On this issue of the AI, I believe that middle group leaned toward the progressive voices that told them the AI was bad and harmful. They never had those assertions actually proved. They couldn't articulate why the assertions were correct. But, the middle swung this time toward the revisionist side of things. It was not a vote of great wisdom and conscience. It was more, "I guess I'll go with these guys."

Again, this analysis is speculation--speculation informed by a lot of years of closely observing the dynamics of General Assemblies. I wish I were wrong. I wish it could be proved to me that the votes were marvelously informed and wondrously reasoned. But I just don't think that is the case.

For you, Doug, (1) when was the last time you read the AI? (2) Where can it be found for others to read? (3) Do you know that there is a difference between the first 56 pages or so of the 1978 booklet and the part that was actually approved?

Even now, after the fact, if you asked questions 1 and 2 to a sample of commissioners, I would bet that the responses would be shocking. If you asked question 3, you would probably get a blank look of incomprehension, proving that they have never even found the confusing booklet to read.

Jim Berkley
Bellevue, WA

1:40 PM, July 04, 2008  
Blogger Doug Hagler said...

Heh. In my case, I get a pass. 1) Earlier today. Before that...a few months ago, whenever you had your post talking about not allowing homosexuals to join churches. 2) I followed a link from your blog both times, actually, (or maybe a link from Chris Larimer's blog the first time) but I've also found it by using the PCUSA website search function in the past. 3) No, I wasn't aware of that difference.

From my previous involvement in Synod and Presbytery meetings and events, I agree that some items get voted on without a thorough reading. I think that's probably just a problem with democracy. Who can actually list all of Obama or McCain's votes on key issues in the Senate? Probably only people who are working phone banks, I'd guess. I'm not sure that means that people who are intending to vote for McCain would suddenly switch parties and vote for Obama though, if they read the voting records carefully, or vice-versa. Maybe I'm wrong, I don't know.

This also means that in previous GAs, when the AI was approved, for example, or reaffirmed, or otherwise voted upon, we can only guess that the same large middle didn't read it then either, and just went with "those folks over there" - again, if the conjecture is true (I frankly don't have the background experience to say either way. I would hope our commissioners are more informed than you say, but I've never been to GA). So that means that, this year, the AI got an "average" amount of scrutiny and reading, perhaps, which maybe evens out? I mean, it isn't only due to misinformation when things don't go the way you'd like them to...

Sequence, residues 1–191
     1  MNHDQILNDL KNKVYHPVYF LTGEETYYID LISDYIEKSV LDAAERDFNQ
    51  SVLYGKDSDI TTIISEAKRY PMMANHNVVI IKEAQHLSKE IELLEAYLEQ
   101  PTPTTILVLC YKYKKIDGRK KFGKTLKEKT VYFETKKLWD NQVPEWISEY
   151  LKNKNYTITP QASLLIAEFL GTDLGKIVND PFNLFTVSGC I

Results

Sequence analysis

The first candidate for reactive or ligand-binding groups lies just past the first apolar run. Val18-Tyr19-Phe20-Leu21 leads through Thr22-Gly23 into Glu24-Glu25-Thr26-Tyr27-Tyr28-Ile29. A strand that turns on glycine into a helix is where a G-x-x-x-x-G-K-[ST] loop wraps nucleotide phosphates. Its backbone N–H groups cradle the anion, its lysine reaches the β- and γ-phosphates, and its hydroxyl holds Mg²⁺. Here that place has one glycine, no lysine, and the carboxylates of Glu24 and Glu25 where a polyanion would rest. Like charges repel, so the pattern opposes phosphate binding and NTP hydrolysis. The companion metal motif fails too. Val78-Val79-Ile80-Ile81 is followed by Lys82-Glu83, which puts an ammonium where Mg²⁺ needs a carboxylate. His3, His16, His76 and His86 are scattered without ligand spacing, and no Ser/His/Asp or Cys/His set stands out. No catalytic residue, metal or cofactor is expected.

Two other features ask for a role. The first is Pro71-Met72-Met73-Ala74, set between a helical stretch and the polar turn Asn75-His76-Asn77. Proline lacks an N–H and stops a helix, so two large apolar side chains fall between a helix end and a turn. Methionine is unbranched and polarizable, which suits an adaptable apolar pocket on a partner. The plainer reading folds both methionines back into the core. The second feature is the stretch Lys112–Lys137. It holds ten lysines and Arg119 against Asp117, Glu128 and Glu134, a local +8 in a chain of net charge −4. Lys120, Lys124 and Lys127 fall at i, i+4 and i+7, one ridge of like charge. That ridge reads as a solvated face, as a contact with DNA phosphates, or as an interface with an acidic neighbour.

Doug Hagler
San Anselmo, CA

4:45 PM, July 04, 2008  
Blogger Alan Trafford said...

In a secular setting, a performance like this would have cost the stated clerk his job. I can't think of a clearer illustration of the bureacracy of the church obstructing the will of the Assembly. In effect, the only time the rules are applied is when it suits them. I wonder what would have happened if other Assembly decisions had been summarily ignored or obfuscated in the same way.
Still disgusted.
Alan Trafford.

10:04 AM, July 05, 2008  
Blogger Presbyman said...

Kirkpatrick was too busy dreaming up accusations against the Evangelical Presbyterian Church to do a little thing like follow a GA instruction. And he may have had his plate full with the property issue.

11:52 AM, July 05, 2008  
Blogger Presbyman said...

Sorry ...

John Erthein
Erie, PA

11:53 AM, July 05, 2008  
Blogger Dennis said...

I was deeply disappointed in this General Assembly. Jim, your analysis of how General Assembly commissioners work gibes with my experience. I was a commissioner to the 1990 GA in Salt Lake City. There was an awful lot of stuff to read prior to the GA. This stuff was prepared by staff. Then much of this stuff was changed in committee, so that it had to be read all over again, an impossible task for all but the most very dedicated commissioner. I was disappointed in my GA. We spent more time debating a resolution on Cuba than we did debating the Brief Statement of Faith. I confess that I have not read the AI, and I would have been uninformed if it had come up. Basically, you are right, Jim, to say that the broad middle that does not have strong feelings on the subject (or doesn't understand it) tends to get swayed one way or the other. There is an awful lot crammed into a few short days. That is why the approval process in the Presbyteries is so necessary, and so much more thoughtful. Or so I hope!

Dennis Veith
Ferndale, WA

3:42 PM, July 05, 2008  
Blogger Jim said...


Yes, all kinds of GA decisions happen for various reasons, not many of which particularly raise one's confidence! So good or ill can logically come of poorly arrived-at decisions.